In one of the more unusually named panels I’ve ever come across, The Power of Magic and the Magic of Memory, held at Baltimore Comic-Con 2017 on Friday, Dean Haspiel, David Trustman, Sarah Trustman, and Chris Miskiewicz addressed magical transformation within their work in comics and also the magic of visual memory.
Sarah Trustman spoke about the role of magic in comics, where it’s “ok for it to be real” whereas there’s an underlying suspicion of “tricks” when it comes to magic in real life.
David Trustman explained that “religion magic” is a thing, with plenty of magical acts and rites associated with religious practice, and that’s a big part of his comic with Dean Haspiel, God Slap. The “absurdity” of religious conflict is also a big subject in the comic. The comic debuts this weekend at Baltimore Comic-Con.
Haspiel’s webcomic The Red Hook, as well as its sequel, War Cry, have some roots in Kirby comics which Haspiel loves. One character in the new comic is able to shout the words “War Cry” which transforms him into a “warrior goddess” as a weapon for good. It’s kind of like Firestorm from DC Comics, too. For Haspiel, this transformation using words or combinations of beings is “magic”.
Chris Miskiewicz’s comic with Palle Schmidt, Thomas Alsop, from Boom! Studios is a supernatural thriller with a 9/11 plot point that made it a little controversial. It’s steeped in magic and the occult, though Miskiewicz has never really been a big fan of the way magic is presented in comics. He prefers a kind of “realism” in handling it.
Haspiel said that it often feels like there’s no personal stakes in comics where heroes can use magic, but Constantine, The Hellblazer, was a character who changed that status quo and made it more real and personal.
Miskiewicz said that New York was a natural place for a magic-based story in Thomas Alsop because there are so many places with dark histories connected to the city, like an island in the river where John Doe corpses are traditionally buried. Books like Preacher also employ magical thinking, an unpredictability that can be done well.
David Trustman said that “magic can do anything” in comics, as long as you establish what that action is. Haspiel pointed out that the theme of transformation is often both external and internal when magic kicks in, making it a meaningful theme.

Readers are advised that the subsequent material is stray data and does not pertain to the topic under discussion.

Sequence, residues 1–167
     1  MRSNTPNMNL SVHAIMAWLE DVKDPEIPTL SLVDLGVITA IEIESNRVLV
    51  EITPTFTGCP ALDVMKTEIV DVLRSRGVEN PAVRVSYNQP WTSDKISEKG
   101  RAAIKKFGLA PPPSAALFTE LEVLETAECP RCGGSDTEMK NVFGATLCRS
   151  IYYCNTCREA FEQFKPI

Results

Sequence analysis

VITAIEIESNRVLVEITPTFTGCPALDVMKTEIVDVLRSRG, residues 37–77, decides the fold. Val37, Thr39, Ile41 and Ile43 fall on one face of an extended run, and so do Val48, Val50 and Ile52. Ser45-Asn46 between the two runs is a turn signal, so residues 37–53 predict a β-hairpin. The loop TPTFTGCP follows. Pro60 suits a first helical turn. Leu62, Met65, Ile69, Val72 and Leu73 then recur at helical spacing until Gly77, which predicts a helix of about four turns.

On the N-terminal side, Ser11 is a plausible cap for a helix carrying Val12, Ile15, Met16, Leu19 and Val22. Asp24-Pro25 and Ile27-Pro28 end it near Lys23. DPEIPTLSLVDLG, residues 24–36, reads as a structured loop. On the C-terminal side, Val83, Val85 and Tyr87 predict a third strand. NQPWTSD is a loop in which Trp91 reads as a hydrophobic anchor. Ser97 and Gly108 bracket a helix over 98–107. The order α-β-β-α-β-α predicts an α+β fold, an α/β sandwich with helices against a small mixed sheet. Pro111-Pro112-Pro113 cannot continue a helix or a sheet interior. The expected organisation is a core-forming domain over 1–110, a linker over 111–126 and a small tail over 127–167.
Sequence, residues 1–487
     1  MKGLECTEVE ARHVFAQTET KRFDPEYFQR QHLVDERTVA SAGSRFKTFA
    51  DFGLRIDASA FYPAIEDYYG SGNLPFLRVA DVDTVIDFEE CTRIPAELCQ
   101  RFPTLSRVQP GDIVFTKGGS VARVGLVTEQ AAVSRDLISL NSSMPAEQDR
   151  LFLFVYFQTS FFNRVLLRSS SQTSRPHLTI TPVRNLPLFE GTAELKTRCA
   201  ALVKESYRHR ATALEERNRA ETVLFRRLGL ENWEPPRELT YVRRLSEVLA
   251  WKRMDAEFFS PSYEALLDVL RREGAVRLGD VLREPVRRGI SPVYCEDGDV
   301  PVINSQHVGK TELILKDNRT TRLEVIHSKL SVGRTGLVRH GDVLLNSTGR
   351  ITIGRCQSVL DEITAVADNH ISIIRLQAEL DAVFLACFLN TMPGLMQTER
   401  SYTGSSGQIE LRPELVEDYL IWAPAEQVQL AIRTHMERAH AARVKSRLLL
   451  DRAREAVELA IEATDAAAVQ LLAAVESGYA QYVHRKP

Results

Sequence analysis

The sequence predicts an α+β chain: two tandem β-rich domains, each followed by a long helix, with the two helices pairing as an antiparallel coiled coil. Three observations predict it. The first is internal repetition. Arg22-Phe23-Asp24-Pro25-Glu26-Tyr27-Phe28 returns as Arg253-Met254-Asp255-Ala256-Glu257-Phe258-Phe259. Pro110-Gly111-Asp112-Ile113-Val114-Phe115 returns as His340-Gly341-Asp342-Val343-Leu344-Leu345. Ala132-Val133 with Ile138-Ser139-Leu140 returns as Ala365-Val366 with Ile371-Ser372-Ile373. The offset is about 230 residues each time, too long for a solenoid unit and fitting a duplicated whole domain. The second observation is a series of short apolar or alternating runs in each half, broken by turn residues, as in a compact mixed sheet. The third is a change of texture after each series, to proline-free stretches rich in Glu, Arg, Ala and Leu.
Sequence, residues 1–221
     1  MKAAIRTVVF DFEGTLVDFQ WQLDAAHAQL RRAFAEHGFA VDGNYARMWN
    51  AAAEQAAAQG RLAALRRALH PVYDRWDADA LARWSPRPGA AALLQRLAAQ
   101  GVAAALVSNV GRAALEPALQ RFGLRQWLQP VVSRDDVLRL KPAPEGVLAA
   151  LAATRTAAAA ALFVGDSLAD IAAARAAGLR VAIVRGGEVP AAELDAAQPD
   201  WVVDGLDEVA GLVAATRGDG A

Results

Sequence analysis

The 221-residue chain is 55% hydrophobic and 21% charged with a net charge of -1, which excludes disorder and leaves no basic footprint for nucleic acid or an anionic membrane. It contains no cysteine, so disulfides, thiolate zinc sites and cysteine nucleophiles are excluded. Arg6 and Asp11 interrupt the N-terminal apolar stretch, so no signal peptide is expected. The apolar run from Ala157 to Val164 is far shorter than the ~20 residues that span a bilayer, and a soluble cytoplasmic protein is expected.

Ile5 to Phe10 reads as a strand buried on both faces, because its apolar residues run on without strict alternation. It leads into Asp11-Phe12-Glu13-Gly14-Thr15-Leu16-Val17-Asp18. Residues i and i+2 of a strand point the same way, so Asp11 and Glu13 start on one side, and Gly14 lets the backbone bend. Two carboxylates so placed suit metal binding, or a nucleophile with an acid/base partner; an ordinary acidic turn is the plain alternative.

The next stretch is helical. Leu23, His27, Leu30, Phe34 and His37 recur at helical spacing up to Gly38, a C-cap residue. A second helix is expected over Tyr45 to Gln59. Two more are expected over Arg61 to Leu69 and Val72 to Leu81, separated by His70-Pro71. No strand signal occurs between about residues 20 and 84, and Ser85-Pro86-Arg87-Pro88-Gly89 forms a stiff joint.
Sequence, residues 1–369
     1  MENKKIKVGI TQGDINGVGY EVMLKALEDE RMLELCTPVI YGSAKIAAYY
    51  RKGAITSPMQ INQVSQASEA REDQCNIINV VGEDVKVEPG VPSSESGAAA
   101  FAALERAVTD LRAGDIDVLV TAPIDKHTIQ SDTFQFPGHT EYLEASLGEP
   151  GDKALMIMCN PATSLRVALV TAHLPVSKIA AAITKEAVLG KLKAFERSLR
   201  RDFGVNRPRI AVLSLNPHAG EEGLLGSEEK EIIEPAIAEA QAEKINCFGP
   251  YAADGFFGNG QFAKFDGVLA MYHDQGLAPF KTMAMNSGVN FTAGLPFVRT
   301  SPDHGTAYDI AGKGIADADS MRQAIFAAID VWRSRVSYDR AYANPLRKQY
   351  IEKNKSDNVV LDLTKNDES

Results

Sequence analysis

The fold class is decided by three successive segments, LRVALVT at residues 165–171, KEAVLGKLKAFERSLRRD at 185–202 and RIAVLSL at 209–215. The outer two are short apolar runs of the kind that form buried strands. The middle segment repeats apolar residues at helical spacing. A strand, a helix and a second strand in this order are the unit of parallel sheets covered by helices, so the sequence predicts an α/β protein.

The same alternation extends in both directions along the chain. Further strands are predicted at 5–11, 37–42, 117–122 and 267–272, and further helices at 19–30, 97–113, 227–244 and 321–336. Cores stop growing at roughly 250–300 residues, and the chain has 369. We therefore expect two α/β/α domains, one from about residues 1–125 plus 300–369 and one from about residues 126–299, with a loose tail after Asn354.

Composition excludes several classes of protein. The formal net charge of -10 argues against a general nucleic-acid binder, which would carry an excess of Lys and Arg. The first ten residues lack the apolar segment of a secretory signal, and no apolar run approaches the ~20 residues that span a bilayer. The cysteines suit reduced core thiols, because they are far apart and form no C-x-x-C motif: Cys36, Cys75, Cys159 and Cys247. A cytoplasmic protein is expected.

Miskiewicz pointed out that transformation is usually an end-game and a goal to a narrative, so something audiences are interested by and waiting for.
Haspiel said that when he created his own characters after working in more mainstream comics, the reason he has fewer major story arcs is because he feels he goes through all the “changes” and “alterations” that are possible with his characters. That’s why creators change on mainstream books every few years, to do something new.
Sarah and David Trustman have written about memory and memory through history, and the ways in which memory can be made to seem magical. Sarah said that our brains are designed to retain imagery and that can be cultivated in order to change information into images that can then be easily remembered. Stories exist from different time periods of people undertaking seemingly impossible amounts of memorization and their methods are usually similar to a “memory palace technique” we can still learn today. Using images for memorization purposes in the past may even have led practitioners to be persecuted by the church for seemingly occult practices.
Many alphabets from different cultures are mneumonic in a way, with their pictorial roots. Haspiel mentioned the graphic novel by Douglas Rushkoff and Michael Avon Oeming, Aleister and Aldof, where cultural advertising, like the kind you might see in Times Square, or online, even connects to this idea of triggering memory and positive impressions with symbols. Single images can lead to full narratives stored in your head, and that often happens with comic readers, David Trustman said.
Sarah and David Trustman performed an example of memory magic for the panel, where audience members listed common objects and numerical values were assigned to them up to 20 on a whiteboard facing the audience, but facing away from Sarah Trustman. Audience members then randomly called out numbers and Sarah Trustman correctly identified the objects/images associated with each number.
Sarah Trustman says she’s created a “memory path” based in numbered slots that have their own permanent symbols (a tower, a swan, and the like), and she pictures the new objects located in those spots on the path. To clear that path and start over, she imagines them being destroyed. Asked how she uses this in daily life, she says she never writes down lists any more, not even grocery lists. The couples’ children play games like this, too, and it helps them in school where memorization is still a major element of education.
Asked how this might relate to memory loss in older age, the Trustmans said they’ve both had grandparents who suffered from these symptoms, but they find it’s true with the brain, “use it or lose it”. Continuing to use your brain by playing list games is a great way to combat that loss.
Asked if you can “turn off” a memory, David Trustman said that you can, in “willful ignorance” and Sarah Trustman said replacing an unwanted memory with another positive memory is helpful.
Their interest in the subject came from performing stage magic tricks, like card tricks, where memorization needed to be a key factor, they said. They found it “fun” and started to perform more, then read more books on the subject.
Find the panelists at table 2410 at Baltimore Comic-Con this weekend.